Just Down the Road from Shania Twain
Mark the Shark
The Man Who Was Hit by a Comet
Thank God I'm a Country Boy
The Day the Humvee Came
Guitars, Guns, & Groceries
My Good Eye
The Star Spangled Banner
we've come to expect from someone who is, arguably, one of the
most overlooked talents in the country, Lawrence delivers yet
another set of biting, sardonic and sometimes painful songs....a
disc that is packed with wonderful tunes that should cement his
place as a songwriter to hear -- and watch.
his satire is hilarious in its articulate twists and turns, Lawrence
is also a gifted portraitist who sketches an array of characters,
from a state prison warden to a Venezuelan street singer, with
detail, compassion, and grit.
ain't always pretty in the big city, as Foster's death attests.
And that's one of the reasons folks like yours truly and longtime
downtown roots rocker Eddy Lawrence high-tailed it outta town
a few years back. Lawrence's latest self-produced one-man opus,
Guitars, Guns, & Groceries, is proof that at least
one of us has improved his artistic lot in life since leaving
the Lower East Side.
Lawrence reveals himself as a historically
sensitive country-rock songwriter with a penchant for Barnumesque
oddities and small town ironies on "The Man Who Was Hit
by a Comet," "The Day the Humvee Came" and the
title track, an ode to Dick's Country Store, Music Oasis and
Gun City in the Canadian/New York border town near Lawrence's
rural upstate retreat. I'm mighty partial to "1931,"
the bittersweet memoirs of a ventriloquist's dummy, and "Just
Down the Road from Shania Twain," in which Eddy muses "I
wonder if her mother really gave her that name/I live just down
the road from Shania Twain." Beats "Green Acres"
and having to stomach that whiner, Mr. Haney, and Eva Gabor's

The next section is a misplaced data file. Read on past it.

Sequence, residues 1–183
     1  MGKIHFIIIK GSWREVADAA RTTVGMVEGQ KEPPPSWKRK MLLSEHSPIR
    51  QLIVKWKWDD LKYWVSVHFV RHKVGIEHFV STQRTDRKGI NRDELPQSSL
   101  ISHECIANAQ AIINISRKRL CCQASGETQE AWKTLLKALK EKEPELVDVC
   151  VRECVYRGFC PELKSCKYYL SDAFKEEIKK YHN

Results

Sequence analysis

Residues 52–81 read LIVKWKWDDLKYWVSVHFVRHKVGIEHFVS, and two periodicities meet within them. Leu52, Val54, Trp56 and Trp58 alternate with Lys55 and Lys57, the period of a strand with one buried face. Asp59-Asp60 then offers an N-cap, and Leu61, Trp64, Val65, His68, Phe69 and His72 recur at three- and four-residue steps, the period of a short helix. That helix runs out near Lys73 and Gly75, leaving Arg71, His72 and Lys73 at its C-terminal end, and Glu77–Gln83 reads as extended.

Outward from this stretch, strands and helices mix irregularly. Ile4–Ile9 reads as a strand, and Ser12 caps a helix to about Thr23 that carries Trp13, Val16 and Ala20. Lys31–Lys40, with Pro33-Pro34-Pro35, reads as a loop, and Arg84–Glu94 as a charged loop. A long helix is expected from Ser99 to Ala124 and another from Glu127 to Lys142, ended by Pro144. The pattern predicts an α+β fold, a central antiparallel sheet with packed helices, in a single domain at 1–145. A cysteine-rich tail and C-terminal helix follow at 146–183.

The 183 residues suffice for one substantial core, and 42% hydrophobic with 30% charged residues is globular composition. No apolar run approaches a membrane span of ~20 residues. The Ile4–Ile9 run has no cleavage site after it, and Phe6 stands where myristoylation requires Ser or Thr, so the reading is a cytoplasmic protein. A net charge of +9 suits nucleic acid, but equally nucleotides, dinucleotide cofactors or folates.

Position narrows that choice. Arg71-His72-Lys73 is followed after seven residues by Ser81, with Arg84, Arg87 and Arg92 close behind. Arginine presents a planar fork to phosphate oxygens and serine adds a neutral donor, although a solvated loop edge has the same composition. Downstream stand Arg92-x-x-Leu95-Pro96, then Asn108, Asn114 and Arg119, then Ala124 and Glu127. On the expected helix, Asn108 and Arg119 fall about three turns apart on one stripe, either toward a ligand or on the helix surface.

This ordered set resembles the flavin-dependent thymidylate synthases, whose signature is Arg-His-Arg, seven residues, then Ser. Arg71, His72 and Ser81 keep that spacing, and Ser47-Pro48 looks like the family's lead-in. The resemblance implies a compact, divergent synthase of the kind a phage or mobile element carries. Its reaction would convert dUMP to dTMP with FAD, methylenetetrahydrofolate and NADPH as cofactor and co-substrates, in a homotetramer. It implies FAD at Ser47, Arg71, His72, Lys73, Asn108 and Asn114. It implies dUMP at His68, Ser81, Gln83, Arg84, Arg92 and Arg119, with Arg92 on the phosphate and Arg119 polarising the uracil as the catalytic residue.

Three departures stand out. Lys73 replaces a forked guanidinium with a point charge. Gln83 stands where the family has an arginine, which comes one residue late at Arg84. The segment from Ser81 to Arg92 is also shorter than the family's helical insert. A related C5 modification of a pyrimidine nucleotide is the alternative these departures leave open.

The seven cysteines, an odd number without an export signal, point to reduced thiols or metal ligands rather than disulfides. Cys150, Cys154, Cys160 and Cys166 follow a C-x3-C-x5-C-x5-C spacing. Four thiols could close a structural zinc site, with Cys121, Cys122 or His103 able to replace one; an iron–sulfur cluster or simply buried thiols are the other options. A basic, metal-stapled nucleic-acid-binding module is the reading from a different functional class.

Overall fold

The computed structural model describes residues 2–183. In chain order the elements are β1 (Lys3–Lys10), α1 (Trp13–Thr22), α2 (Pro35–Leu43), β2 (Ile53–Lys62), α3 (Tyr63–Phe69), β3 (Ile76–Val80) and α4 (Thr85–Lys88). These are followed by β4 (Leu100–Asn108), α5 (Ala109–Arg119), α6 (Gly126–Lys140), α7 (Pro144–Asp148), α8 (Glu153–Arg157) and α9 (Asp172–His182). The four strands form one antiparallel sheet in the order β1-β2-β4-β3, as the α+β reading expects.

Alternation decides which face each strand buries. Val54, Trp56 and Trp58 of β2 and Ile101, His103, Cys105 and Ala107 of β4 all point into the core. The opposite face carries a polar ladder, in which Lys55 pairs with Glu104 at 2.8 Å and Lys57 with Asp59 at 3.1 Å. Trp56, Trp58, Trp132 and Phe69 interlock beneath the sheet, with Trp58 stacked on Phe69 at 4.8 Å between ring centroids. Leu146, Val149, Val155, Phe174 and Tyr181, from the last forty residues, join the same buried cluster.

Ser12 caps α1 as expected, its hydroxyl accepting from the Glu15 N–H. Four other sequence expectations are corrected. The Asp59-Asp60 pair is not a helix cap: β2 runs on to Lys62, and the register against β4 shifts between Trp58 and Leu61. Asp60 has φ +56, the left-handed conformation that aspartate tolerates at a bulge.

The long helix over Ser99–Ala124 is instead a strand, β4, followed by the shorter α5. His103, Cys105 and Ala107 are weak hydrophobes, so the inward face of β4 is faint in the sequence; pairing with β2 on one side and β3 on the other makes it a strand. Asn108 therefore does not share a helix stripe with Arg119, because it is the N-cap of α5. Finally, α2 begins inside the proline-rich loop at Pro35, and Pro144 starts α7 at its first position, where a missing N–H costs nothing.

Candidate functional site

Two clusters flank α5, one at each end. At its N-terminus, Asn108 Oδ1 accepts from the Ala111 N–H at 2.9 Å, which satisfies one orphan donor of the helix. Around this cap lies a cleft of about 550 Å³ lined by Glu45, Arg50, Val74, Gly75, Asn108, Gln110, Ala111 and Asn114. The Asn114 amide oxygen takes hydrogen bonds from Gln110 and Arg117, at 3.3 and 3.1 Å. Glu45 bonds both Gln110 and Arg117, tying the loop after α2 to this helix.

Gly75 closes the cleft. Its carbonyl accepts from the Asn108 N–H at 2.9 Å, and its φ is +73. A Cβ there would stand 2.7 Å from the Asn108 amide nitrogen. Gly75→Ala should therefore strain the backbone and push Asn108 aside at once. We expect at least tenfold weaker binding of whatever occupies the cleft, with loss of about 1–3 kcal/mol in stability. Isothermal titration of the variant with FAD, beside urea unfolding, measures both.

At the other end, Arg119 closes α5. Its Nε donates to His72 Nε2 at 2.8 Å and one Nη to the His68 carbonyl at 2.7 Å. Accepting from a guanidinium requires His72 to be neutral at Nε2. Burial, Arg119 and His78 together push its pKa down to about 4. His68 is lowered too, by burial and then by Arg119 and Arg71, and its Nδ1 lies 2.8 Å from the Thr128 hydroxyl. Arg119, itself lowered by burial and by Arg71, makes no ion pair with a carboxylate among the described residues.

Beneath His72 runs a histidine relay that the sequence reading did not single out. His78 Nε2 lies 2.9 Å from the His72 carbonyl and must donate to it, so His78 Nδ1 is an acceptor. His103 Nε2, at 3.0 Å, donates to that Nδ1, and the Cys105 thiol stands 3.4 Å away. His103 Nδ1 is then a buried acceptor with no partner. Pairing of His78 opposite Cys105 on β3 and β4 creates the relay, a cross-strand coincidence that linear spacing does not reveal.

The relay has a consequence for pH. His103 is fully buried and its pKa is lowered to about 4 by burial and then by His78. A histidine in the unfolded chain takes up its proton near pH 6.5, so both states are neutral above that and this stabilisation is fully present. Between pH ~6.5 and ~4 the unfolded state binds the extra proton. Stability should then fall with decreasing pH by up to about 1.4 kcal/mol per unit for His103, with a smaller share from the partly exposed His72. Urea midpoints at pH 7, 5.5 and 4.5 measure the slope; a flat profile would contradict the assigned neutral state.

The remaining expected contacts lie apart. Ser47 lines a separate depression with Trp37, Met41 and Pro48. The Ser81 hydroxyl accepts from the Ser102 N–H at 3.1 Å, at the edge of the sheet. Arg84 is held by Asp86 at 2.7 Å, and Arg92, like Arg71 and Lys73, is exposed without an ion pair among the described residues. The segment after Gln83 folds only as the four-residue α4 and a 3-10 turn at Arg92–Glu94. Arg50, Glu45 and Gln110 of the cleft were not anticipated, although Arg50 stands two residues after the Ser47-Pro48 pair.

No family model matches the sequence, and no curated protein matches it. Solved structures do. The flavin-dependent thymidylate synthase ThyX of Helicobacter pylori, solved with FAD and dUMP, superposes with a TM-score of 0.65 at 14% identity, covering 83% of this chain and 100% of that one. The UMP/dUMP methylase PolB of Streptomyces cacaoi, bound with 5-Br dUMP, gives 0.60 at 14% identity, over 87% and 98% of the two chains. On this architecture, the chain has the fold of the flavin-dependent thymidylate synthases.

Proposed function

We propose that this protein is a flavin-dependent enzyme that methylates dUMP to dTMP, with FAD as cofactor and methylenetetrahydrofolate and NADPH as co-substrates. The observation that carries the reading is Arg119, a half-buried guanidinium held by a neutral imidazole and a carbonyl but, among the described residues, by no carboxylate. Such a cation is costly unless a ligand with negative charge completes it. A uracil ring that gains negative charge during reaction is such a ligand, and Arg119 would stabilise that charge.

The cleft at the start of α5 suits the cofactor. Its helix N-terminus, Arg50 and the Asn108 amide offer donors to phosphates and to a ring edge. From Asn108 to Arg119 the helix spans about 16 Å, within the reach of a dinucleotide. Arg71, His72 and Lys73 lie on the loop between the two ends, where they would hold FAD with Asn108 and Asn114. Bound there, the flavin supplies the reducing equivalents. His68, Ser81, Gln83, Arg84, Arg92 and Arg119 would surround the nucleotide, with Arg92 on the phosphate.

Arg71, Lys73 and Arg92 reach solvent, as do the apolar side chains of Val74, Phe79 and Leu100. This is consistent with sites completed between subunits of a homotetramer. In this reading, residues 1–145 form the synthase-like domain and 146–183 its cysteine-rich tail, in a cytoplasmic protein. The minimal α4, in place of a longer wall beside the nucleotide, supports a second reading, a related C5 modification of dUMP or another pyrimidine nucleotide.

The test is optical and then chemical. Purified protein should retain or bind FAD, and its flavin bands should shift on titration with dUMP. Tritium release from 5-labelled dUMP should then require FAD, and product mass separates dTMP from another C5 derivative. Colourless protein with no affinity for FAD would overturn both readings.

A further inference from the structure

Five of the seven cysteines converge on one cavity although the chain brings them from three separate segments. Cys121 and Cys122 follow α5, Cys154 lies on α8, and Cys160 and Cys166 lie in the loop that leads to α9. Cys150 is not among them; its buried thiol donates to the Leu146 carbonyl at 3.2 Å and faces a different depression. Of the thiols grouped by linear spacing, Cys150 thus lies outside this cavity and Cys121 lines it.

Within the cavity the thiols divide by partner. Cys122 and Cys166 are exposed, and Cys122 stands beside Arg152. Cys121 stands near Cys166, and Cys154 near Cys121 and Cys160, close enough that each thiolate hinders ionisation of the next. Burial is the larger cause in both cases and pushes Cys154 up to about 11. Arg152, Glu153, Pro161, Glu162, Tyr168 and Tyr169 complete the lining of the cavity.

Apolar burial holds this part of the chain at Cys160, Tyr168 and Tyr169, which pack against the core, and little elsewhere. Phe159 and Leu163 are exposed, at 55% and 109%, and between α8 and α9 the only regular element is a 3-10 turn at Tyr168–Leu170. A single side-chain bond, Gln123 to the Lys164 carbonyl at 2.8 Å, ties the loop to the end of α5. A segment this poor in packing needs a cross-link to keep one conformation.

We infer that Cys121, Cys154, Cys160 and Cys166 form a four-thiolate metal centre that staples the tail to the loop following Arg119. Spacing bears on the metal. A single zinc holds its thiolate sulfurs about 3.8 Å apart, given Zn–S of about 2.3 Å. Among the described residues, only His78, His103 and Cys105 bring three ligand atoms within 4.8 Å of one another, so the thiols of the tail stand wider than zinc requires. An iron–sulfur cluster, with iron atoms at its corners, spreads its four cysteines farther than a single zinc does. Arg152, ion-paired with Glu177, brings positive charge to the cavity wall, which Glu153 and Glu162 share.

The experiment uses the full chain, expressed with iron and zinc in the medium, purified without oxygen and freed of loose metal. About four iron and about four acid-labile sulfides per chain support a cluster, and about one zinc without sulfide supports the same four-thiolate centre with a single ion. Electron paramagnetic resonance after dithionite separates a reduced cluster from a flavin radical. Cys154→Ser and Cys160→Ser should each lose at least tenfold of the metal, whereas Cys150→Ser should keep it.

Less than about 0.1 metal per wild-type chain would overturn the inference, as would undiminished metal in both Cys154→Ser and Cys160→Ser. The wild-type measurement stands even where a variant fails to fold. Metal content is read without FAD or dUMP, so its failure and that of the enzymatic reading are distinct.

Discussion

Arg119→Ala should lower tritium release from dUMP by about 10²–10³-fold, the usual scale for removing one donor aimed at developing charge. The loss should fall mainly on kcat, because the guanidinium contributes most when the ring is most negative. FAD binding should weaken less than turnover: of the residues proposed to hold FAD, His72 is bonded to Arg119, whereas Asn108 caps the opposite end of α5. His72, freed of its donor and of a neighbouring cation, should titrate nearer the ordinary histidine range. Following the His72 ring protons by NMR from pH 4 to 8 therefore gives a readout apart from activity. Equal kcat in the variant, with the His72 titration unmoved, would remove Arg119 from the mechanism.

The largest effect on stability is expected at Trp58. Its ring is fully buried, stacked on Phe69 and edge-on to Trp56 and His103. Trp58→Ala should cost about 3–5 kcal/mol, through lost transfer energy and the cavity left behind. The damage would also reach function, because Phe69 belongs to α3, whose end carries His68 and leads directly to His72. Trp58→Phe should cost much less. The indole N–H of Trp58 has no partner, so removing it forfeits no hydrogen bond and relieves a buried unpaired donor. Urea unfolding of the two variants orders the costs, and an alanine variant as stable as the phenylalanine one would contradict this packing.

hot water soup, don't it?
and recording on solar and wind power in northern New York,
Eddy Lawrence is the epitome of the D.I.Y. ethic. His album
credits list everything from a Genesee Light beer carton (part
of his faux drum kit) to the model and make of his solar panels
and shotgun. Lawrence's lo-fi folk rock is much less imposing
than the gun-in-your-face album cover may suggest, but lyrically
there are plenty of barbed wire characterizations and witty
bear traps to keep you alert. On "Just Down the Road from
Shania Twain" (which is where he lives) Lawrence gives
you a tour of the neighborhood, from Dan the UPS guy to the
pot-selling neighbor with the half-blind dog. The mild twang
in Lawrence's voice and his down-home guitar solos add to the
folksy nature of these twisted American tales.
Lawrence's latest release, Guitars, Guns, & Groceries,
is a great record....the more I listened to it, the more it
grew on me. I can't stop listening to it, and it is constantly
on at my workplace. Eddy Lawrence's stories are fascinating
and fun to listen to. His guitar playing is unassuming and relaxing.
first heard Eddy Lawrence's "Just Down the Road from Shania
Twain's" on Gary Glabraith's KAOS radio show and was struck
immediately by it. One listen and I fell ass-over-teakettle
in love with it. It's an amazing short story with a rock beat,
intricate guitar fills and a totally hooky chorus that will
have you singing about Shania Twain even if, like me, you've
never seen her or heard her music.
The whole CD is like that, full of amazing
stories and penetrating insights into the human soul. There's
a story about "Mark the Shark," a DJ on the Mohawk
reservation who has more dedication than the U.S. mail, and
another about helping the National Guard pull their Humvee out
of a ditch in his front yard. Each one of these is sung in a
most casual manner as if the events had occurred earlier in
the day and he was just telling us about it now. Stories that
most people would take a few paragraphs to explain Lawrence